Editor’s Note: This is part 50 in Emily Potts’ inspirational series (previously called “Design Links”). Every other week she features three artists whose work offers fresh, fun, and stimulating creative inspiration. Each artist picks the next link—someone who personally inspires him/her. Check out the forty-ninth part in the series, featuring Ross MacDonald, Alexander Isley & Laurie Rosenwald.
Laurie Rosenwald is inspired by …
I am very jealous of Olimpia. Since 2008, this adorable, millennial stronza, with her big round twiggy eyes and striped shirts, and her primary colors, and her focaccia and estathé, and worst of all, her prodigious talent—gets every fun job I think I should be getting. Some from my most favorite clients. But I cannot possibly dislike her. Porca miseria! She’s too good! That bitch! Not only that, she is generous, charming, and kind. Because, as everyone over 40 knows, I am a decrepit and pathetic has-been. And as everyone under 40 knows, I do not exist. So she tries to introduce yours truly to the groovy young creative directors of the world, because she loves my work. Because of her, I get to teach at Mimaster and draw for The Towner. Her mother made me a perfect espresso and gave me a painted fan!
Some of my favorites include this witty titty T, and the penis plate, from clodomiro, an online shop she runs with her dad.
… and this cover for Tropico del Cancro, published by Feltrinelli. I love the squeaky clean graphic naughtiness and the contrast of roundy and not roundy, and the pancake-like flatness. Sublime!
Olimpia Zagnoli is inspired by …
I don’t remember when I first met Tamara, but I have the feeling I see her quite often, despite the fact we live in different continents. I knew some of her work before meeting her but I don’t think I had a precise idea of what she did exactly. Tamara is a writer, a designer, an illustrator and a cook says her website. True. But to me she’s also an archeologist, a curious mind that captures all the unusual details on this planet, puts them in a green bag, and saves them for later. Her art reflects this quiet observing spirit but it’s vibrant and clever. She’s a prolific artist who would gladly take a nap.
Mumbai New York Scranton is a book I bought only last year and read on the couch during some hot summer nights. It’s written and illustrated by Tamara with photographs by Jason Fulford. It’s a beautiful book that sometimes feels like a diary but then it’s a book again. I can’t wait for her next book Arbitrary Stupid Goal to come out this Summer for more nights on the red couch with her.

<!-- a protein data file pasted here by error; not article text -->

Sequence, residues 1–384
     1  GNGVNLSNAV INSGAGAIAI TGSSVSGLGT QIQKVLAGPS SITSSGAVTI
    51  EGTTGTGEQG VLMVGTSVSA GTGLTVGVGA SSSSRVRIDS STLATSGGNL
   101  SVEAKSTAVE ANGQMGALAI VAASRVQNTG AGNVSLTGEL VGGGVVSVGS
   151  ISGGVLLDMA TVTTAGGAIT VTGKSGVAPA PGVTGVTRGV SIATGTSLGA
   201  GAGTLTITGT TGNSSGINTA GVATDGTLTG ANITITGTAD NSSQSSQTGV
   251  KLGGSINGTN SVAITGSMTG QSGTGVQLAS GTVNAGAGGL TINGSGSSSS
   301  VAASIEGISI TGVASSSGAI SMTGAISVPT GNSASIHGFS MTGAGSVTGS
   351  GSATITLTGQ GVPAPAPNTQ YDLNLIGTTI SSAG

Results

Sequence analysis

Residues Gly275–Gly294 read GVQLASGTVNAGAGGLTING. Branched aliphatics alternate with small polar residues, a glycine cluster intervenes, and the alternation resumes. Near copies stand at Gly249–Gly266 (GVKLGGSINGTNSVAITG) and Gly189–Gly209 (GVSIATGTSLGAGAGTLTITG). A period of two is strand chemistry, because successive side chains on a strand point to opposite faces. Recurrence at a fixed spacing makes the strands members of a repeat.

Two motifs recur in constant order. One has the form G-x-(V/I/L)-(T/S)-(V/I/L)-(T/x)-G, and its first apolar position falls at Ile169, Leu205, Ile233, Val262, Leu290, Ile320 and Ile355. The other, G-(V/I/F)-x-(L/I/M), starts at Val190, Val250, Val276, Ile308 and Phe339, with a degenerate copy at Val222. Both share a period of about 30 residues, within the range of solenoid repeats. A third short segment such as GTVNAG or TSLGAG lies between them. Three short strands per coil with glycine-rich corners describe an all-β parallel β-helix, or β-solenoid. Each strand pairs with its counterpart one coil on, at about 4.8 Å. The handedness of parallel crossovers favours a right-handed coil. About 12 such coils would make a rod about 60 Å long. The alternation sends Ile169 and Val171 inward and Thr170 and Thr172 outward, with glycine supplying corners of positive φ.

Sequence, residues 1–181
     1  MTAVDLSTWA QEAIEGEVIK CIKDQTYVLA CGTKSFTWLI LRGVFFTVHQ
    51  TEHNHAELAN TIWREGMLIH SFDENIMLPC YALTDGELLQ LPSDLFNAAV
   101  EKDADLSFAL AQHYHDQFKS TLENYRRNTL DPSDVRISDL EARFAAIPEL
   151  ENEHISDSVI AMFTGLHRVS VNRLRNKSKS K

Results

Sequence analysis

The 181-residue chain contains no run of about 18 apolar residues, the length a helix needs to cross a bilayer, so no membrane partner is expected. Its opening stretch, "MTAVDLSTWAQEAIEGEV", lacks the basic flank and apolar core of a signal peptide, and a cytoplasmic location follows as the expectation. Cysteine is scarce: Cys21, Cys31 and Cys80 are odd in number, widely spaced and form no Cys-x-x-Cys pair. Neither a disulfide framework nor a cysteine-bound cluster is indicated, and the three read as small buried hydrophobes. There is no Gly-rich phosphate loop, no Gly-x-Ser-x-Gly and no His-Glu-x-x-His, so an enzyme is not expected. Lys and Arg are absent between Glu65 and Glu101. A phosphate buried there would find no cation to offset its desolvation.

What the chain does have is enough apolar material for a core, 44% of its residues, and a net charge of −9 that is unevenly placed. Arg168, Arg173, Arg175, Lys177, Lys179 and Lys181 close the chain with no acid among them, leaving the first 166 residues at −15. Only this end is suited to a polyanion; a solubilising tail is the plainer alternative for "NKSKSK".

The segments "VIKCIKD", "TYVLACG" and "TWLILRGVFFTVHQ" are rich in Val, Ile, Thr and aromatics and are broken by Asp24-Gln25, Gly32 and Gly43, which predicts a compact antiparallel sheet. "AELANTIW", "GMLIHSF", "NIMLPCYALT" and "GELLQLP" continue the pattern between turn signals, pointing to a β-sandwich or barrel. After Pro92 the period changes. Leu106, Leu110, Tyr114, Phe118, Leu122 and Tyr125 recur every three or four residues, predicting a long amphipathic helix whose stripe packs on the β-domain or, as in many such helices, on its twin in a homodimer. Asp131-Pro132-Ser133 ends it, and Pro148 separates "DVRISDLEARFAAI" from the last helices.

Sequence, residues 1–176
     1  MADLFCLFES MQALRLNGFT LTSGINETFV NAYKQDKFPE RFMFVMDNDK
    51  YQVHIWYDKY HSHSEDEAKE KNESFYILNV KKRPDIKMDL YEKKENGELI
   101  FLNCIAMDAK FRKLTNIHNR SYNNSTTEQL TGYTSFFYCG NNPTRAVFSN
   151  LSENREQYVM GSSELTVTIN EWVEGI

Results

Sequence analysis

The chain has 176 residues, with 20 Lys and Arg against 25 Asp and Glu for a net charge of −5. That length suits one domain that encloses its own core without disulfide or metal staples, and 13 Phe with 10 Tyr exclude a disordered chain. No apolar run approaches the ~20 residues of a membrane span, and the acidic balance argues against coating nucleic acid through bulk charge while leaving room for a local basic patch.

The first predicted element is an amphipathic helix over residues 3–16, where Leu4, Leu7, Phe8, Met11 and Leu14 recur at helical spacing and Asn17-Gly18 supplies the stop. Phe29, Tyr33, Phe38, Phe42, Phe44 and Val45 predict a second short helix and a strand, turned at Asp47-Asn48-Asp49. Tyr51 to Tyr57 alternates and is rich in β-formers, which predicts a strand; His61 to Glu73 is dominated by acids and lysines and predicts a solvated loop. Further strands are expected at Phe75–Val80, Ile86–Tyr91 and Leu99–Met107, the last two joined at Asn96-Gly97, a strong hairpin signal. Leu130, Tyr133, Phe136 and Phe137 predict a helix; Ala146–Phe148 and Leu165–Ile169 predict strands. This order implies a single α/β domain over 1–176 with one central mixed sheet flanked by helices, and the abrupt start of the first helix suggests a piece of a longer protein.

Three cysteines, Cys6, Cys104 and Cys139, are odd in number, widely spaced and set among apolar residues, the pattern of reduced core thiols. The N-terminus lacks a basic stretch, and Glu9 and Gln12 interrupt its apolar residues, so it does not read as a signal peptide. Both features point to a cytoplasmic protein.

Tamara’s illustrations don’t have a specific style as her expressivity is multiform, but I always recognize it’s her when I see her work in the pages of a magazine or a newspaper (in this case The New York Times), because my brain would stop for a second and then my mouth would bend in a U shape.
Tamara Shopsin is inspired by ….
She is a design poet who codes. It is hard to pick just two projects to represent Laurel because she works in different mediums across time and space. Her work has what Buckminster Fuller calls pattern integrity. Independent of the medium which Laurel works in you can see her brain waves – the way that you see ripples the same in milk or the ocean.
Thecreativeindependent.com is super practical. A two year old could navigate it. There is very clear excellent hierarchy of information. Total A++ on function. The site has a simple minimal quality, but as you spend time with it, there are some whimsical elements like changing favicons, sections you can collapse, spirals that spin. These things warm the site up just enough and hint at creativity which is what the content of the site is all about.
This is just Laurel collecting images of animals interacting with machines. This is not practical at all. I don’t know if she even considers this her work. But to me, it is tender, funny, beautiful, awkward, a touch sci fi, and feels like a very good gateway to Laurel’s work.